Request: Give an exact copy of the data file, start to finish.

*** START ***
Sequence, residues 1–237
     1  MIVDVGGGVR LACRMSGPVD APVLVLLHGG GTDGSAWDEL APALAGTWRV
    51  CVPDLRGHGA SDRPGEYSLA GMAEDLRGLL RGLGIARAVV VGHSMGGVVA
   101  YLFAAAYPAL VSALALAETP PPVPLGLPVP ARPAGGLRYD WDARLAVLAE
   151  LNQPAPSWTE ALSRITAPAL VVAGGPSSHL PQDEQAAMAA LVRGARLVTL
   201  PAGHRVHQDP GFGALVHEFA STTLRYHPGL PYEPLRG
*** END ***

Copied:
Sequence, residues 1–237
     1  MIVDVGGGVR LACRMSGPVD APVLVLLHGG GTDGSAWDEL APALAGTWRV
    51  CVPDLRGHGA SDRPGEYSLA GMAEDLRGLL RGLGIARAVV VGHSMGGVVA
   101  YLFAAAYPAL VSALALAETP PPVPLGLPVP ARPAGGLRYD WDARLAVLAE
   151  LNQPAPSWTE ALSRITAPAL VVAGGPSSHL PQDEQAAMAA LVRGARLVTL
   201  PAGHRVHQDP GFGALVHEFA STTLRYHPGL PYEPLRG